Common Mistakes to Avoid When Looking to Start a Small Business
By Ron Peltier
As you decide to invest in a small business, you need to evaluate each business carefully. There are some common mistakes that many seasoned and first-time small business investors commit. While this list is not meant to be exhaustive, it outlines some basic ideas.
Being Dead Set on one Type of Industry
When you are dead set on one industry, you limit your opportunities. Sometimes good investment opportunities are found in other industries that you might have thought were not good for you. Keep an open mind when looking for a small business investment, and always consider the purchase of a small business as an investment first.
Being Dead Set on Avoiding Some Industries
Also, when you are dead set against certain industries, you restrict your chances of finding the right investment. Don’t look past some investments just because they are not what you had in mind. Again, thinking of small business as an investment first can help broaden your perspective on whether or not a business is good for you.
Understanding The Financial Statements
There is a good reason prospective buyers want to analyze the financial statements of a business. Often, financial statements indicate the health of the business and reveal if the business is in trouble financially. The presence of financial statements alone may not, however, indicate the “real” profitability of a business. Like everything else, financial statements are just one piece of the information puzzle you need to consider as you look at your small business investment.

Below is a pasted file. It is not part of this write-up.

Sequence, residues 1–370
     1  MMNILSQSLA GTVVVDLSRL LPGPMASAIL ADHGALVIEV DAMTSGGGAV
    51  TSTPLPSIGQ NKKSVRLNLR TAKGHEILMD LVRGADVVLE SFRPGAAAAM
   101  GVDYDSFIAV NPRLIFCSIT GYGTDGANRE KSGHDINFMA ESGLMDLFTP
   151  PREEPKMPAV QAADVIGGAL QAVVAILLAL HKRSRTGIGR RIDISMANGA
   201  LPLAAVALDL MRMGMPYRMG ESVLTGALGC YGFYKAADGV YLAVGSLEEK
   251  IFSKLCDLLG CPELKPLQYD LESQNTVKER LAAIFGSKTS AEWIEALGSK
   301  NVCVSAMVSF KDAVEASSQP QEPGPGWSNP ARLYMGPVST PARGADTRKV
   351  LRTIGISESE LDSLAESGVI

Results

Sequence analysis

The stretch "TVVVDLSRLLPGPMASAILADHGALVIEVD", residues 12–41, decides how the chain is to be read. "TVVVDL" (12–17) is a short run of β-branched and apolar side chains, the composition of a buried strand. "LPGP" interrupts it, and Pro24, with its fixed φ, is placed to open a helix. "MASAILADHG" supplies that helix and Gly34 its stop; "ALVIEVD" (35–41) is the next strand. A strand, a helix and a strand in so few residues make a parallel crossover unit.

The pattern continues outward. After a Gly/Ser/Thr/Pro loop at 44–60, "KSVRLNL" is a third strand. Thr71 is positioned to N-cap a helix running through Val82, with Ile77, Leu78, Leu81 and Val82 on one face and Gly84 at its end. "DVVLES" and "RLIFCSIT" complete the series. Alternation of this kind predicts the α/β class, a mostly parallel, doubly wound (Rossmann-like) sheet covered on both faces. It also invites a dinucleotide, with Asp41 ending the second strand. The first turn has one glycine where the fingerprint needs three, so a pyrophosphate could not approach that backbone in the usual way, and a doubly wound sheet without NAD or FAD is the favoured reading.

Lack of Financial Statements
For some small business investors, a lack of financial statements adversely impacts their decision to invest. Certainly, folks fresh from MBA programs have been taught that analyzing financial statements is the way you determine if a business is profitable. That is one way, but not always the best or most accurate way.
Suppose you want to purchase a small business but it does not have good financial records. This could be an advantage for you, the buyer. A lack of financial statements does not mean the business is not profitable, necessarily. It could mean that the owner struggled with creating and/or maintaining financial documents. Or the business might not have been open for a long time, thus never filed a statement with the IRS. There are a variety of reasons for a lack of financial statements. Don’t write the business off because of that. With some investigation into the business, you can determine whether it is profitable.
Examining Financial Statements
Financial statements are not necessarily a clear-cut, black and white indicator of the business’s profits. You need to be aware of that as you look into those documents, including tax returns. Often, personal expenses and other deductions should be added back to the business’s profitability. For example, if the seller of the business was absentee and had a manager who helped run it, but you plan on assuming that role, it is fair to add back the expense of that manager to the profits of the company. Conversely, if a business has several family members as employees, who worked for the business but did not always draw a salary because they were family, it is prudent to deduct the expense of those employees.
Often, prospective buyers are dissuaded from putting in an offer because they perceive the business has too much competition to deal with. Being cognizant of the competition is smart, to be sure, but don’t overanalyze competition too much. With the right business strategy, many competitors can co-exist, and you can beat the competition.
Many industries have competitors, but they survive. How many pizza places are there in your town? Look through your coupon drawer or do a quick Google search to see how many are in your town. Several similar businesses can survive and thrive in an area.
You can find a small business investment that fits your skills and budget. Avoiding these mistakes is one way to find the right business for you.